The auctioning of all the ephemera in this beautiful place and then the dismantling of the restaurant is some of the most powerful stuff in the film. Those must have been incredibly rough days to shoot, given your personal involvement in the place. What was your own emotional state during all of this?
It was hard for a lot of us to watch our home be picked to pieces and stripped to an empty shell. It's difficult to not compare it to vultures in the desert, but when you really stopped to think about it, the place was not going up in flames or being trashed. The people that were coming in to this place were gathering parts and pieces of Dante's that could live on somewhere else. As Richard Sorenson says in the movie "It''s like a 43-year-old dandelion that has cast its seeds to the wind." As the filmmaker I was listening to everyone's emotions not only over the course of the dismantle but during the year of editing as well, so at times it was very tough to keep reliving the experience. I think the hardest moment for me was filming Allen Murphy, who has past away since the closing, singing "Now that I know what loneliness is" on the very last day. That was the song for a lot of us that rang true to what we were feeling about starting a new life and moving on. As soon as he started singing I could feel my eyes filling up and the camera started to get blurry. I just held the frame and hoped he was still in it. It was difficult.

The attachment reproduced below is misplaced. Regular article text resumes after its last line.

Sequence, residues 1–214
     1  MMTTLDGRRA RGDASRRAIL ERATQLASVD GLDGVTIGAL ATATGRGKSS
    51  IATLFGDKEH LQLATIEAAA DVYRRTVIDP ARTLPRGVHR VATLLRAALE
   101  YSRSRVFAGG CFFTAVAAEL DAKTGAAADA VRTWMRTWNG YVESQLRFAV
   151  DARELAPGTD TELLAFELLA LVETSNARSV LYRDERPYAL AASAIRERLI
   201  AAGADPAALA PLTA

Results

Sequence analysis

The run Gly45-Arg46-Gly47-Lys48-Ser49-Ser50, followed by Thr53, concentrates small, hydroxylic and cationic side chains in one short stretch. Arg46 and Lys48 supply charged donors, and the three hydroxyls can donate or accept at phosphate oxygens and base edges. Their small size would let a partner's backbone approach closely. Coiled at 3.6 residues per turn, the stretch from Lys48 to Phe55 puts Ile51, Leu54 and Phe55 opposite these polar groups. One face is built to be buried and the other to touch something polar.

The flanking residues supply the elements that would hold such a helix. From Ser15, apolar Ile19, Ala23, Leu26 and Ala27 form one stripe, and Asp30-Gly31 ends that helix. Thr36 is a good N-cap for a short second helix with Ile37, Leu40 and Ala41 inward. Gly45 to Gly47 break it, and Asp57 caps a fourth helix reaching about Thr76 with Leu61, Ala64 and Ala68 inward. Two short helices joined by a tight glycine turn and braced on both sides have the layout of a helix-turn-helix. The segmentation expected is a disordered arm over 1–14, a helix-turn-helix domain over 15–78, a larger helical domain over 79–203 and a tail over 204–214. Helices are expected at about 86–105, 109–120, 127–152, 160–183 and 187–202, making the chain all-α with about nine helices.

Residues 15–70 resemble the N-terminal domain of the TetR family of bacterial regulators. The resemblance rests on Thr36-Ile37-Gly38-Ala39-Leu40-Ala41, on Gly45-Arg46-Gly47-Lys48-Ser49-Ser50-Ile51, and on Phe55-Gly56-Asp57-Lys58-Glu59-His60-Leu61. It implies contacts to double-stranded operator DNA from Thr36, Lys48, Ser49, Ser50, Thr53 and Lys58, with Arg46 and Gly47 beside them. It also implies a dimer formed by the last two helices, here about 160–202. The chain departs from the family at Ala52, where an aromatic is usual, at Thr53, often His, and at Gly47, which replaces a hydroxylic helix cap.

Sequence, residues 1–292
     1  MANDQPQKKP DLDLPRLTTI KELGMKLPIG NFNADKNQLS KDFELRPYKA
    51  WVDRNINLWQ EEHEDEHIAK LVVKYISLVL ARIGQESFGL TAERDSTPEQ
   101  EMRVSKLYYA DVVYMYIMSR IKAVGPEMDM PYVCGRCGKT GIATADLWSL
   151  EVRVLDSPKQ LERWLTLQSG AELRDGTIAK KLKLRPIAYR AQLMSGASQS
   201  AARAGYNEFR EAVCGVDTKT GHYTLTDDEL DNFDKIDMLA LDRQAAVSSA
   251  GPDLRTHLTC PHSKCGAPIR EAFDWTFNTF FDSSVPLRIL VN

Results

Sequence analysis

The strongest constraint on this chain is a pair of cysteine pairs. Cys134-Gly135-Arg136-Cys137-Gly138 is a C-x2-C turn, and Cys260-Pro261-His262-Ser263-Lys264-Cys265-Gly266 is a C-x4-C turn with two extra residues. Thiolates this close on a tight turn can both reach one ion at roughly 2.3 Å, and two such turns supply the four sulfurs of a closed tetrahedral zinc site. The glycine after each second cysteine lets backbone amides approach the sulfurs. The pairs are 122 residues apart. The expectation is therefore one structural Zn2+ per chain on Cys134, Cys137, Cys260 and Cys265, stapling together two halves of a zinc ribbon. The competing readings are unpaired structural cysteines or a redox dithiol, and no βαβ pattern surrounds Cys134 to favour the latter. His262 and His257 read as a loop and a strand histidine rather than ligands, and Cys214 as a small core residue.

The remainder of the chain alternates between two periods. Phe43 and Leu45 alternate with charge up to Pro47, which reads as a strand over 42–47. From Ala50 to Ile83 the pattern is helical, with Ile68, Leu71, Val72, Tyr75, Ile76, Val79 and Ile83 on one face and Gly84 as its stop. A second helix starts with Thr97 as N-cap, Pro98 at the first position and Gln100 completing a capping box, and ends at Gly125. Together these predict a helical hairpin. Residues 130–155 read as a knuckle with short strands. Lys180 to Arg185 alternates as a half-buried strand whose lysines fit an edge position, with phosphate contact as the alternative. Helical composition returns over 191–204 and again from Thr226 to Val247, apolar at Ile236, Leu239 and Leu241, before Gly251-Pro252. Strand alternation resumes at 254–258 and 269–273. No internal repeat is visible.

Allen's performance is definitely one of your movie's emotional highlights, so you're to be commended for keeping a few tears out of your eyes long enough to shoot it all. In the end, what did you take away from your experience first as an employee of Dante's and then as the maker of the documentary?
What I've learned now. over the past 15 years in service of this man. is to follow your gut--follow your dreams, even while walking around people that think you're crazy for doing it. He dug a hole out of the mud in Underground Atlanta to put in it a pirate ship with a jazz band, crocodiles and fondue. Everyone thought he was out of his mind. Working there taught me how to think for myself and spend less time trying to get away with stuff and more time not disappointing those around me. At the start of this project, I was a painter, primarily, and I had no business making a movie. But I had an amazing story to tell and I had to step up to the plate to tell it. I had a lot of doubts around me but nothing compared to the self-doubt that plagued me of messing up this important piece of history. I loved Dante's Down the Hatch and I loved creating the long goodbye that it deserves.